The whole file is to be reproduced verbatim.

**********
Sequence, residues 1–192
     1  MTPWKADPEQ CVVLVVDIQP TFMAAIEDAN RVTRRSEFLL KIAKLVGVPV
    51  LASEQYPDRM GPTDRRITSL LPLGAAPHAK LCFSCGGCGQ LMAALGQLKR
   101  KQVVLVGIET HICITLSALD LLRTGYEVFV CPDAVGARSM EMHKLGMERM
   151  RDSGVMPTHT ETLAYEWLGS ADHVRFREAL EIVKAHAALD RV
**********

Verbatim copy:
Sequence, residues 1–192
     1  MTPWKADPEQ CVVLVVDIQP TFMAAIEDAN RVTRRSEFLL KIAKLVGVPV
    51  LASEQYPDRM GPTDRRITSL LPLGAAPHAK LCFSCGGCGQ LMAALGQLKR
   101  KQVVLVGIET HICITLSALD LLRTGYEVFV CPDAVGARSM EMHKLGMERM
   151  RDSGVMPTHT ETLAYEWLGS ADHVRFREAL EIVKAHAALD RV